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Resisting the Boundaries

Mark Kriss, CLA alumnus and entrepreneur
December 12, 2014

Mark Kriss

Mark Kriss
Mark Kriss
The company:
Vision Prize Prediction
; technology start ups

The mission:
Using technology,
research and
communication to improve
service & information sharing

There’s nothing like a little nudge from Homer to encourage an entrepreneur. It also helps if you’re reading the Iliad in the library of the American Academy in Rome, where inspirational thinking is contagious. It helps even more if your imagination works like that of Mark Kriss. Reading the epic in that library two years ago, he reflected on how even Greek gods often got their predictions wrong. This in turn reinforced his enthusiasm for his new company, which aimed to generate data to help predict climate risk. What could be more timeless?

That company, Vision Prize Prediction Systems, is Kriss’s most recent entrepreneurial venture in a list that usually has not depended on the ancient Greeks for inspiration. It has, however, depended on Kriss’s zest for connecting ideas that at first glance don’t seem related.

“I think the most interesting thing you can do is combine unusual backgrounds and capabilities,” he says. “If you have some combination of experiences, you can do much more interesting things than if you have, say, only a business background. Liberal arts training is a real advantage in that way.”

Kriss arrived at the University of Minnesota in 1977 to do graduate work in art history, one of his major fields of study at Berkeley. As much as he loved art, he began to doubt that he could create a career with it. So he looked around for other ideas.

“I think the most interesting thing
you can do is combine unusual
backgrounds and capabilities,” he
says. “Liberal arts training is a real
advantage in that way.”

“I didn’t want to leave Minnesota,” Kriss says, “so I looked around for top-ranked programs. One department was early childhood development; another was journalism. I realized they were tied together because part of the work being done in journalism involved research on the effects of advertising on children. That whole paradigm was a framework.”

With University faculty mentors who supported his unconventional path, he combined courses like communications law, research methodology, and marketing, earning a custom-tailored master’s degree in communication research.

That combination of creative and business skills was well suited to the dawning digital world of the early 1980s. Companies were eager for advice on how to integrate new technology into their business plans and Kriss took a job—leaving Minnesota with regret, he says—to head the market research division of a Boston firm that was exploring how the home of the future might be wired.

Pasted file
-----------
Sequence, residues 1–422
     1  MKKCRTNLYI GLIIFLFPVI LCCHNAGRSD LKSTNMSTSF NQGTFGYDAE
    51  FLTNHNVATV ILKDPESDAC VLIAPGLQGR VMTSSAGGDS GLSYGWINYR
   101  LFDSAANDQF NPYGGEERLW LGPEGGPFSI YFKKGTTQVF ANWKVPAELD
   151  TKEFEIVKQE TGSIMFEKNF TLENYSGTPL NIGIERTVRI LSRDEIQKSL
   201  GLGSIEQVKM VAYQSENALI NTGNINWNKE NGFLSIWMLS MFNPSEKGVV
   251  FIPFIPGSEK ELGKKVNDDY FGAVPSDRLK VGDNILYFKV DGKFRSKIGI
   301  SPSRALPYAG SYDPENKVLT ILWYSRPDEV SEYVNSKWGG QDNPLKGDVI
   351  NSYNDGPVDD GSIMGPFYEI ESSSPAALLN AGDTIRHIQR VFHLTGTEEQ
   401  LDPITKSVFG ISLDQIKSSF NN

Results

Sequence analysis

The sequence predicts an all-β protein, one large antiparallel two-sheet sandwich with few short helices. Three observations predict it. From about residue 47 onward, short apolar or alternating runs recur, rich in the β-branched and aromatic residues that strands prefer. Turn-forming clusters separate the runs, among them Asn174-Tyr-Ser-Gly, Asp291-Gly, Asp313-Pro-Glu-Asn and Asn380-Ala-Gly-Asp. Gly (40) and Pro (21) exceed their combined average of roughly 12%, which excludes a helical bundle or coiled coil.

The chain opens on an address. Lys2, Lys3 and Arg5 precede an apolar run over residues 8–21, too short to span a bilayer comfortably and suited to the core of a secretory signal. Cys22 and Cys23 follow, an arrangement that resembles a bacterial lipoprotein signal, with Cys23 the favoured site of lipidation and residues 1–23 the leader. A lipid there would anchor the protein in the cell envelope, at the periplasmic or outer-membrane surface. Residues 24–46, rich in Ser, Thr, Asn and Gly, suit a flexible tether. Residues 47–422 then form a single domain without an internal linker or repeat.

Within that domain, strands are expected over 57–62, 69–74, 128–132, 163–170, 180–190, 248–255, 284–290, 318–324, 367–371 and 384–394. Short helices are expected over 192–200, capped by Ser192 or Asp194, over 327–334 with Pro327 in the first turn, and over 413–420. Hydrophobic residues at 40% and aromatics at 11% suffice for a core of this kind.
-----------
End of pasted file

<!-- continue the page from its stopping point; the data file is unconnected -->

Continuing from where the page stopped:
The entrepreneurial bug that would define the rest of his career, however, developed three years later in California when he joined the Stanford Research Institute (SRI International). Working in an unstructured environment and immersed in Silicon Valley’s digital milieu, Kriss and a colleague decided to study how businesses could use technology for competitive advantage. Their unlikely focus: international currency trading.

“We ended up getting 10 banks around the world to sponsor this research project,” he says. “So in a year and a half, I interviewed 250 currency traders from all over the world, really just listening to how people do their work and what their tools are. We said we thought they could get an advantage from analytical software to make decisions about buying, selling, and trading.”

Kriss and his colleague eventually turned the daring and ambitious research project into a company they called FX Development Group, which was so successful that they sold it to Dow Jones in 1989. Three years later, Kriss couldn’t resist when the same business partner suggested prophetically that there would be “an opportunity in this whole Internet thing.” Indeed. Their contribution to the “Internet thing” became Cohesive Technology Solutions, Inc., ultimately one of the first Midwestern companies to provide Internet services, as well as a pioneer in developing security software. This, too, was eventually sold, the services to Exodus, the software to Cisco.

Now there is Vision Prize. Kriss says this company is “closest to my background in journalism school,” since its goal is both research and communication. Climate scientists report their own—and what they believe are their colleagues’—predictions about climate risk, to get a cumulative picture to share with the public, policymakers, and markets.

These are the ventures you’ll see on Mark Kriss’s resume. There are plenty of impressive things you won’t see, notably his work as a filmmaker. You’d learn a lot about him from the documentary film he produced about his accomplished mother and the enormous challenges she overcame. She believed fairy tales weren’t just stories; they were life lessons in how to maneuver in the world.

Her son might say the same about Greek epics.

What he says:

“An interdisciplinary path is really important; it’s the one I’ve always followed. Boundaries are usually not to your advantage. I have trouble when people try to classify me and ask, ‘Well, what do you do?’ I can’t answer that question because I prefer not to be categorized.”

“When you’re starting something, it’s really important and helpful to be able to do a lot of different things. That’s where this diverse background helps a lot. If you say, ‘I’ve got this great idea for a new product,’ but you don’t know how to read a balance sheet or develop a respectable Web page or evaluate other people who might be in this venture, you have to outsource that. That’s both risky and costly. It’s better if you can do a lot of that yourself.”